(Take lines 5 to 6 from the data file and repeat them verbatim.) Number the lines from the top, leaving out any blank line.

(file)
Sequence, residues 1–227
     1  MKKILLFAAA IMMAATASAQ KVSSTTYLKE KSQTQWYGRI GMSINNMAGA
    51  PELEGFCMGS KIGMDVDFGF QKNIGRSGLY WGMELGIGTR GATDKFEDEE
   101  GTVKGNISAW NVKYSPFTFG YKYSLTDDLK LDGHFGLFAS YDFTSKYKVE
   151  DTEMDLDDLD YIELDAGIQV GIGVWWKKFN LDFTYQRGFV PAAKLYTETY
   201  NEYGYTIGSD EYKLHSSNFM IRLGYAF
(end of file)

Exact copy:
   151  DTEMDLDDLD YIELDAGIQV GIGVWWKKFN LDFTYQRGFV PAAKLYTETY
   201  NEYGYTIGSD EYKLHSSNFM IRLGYAF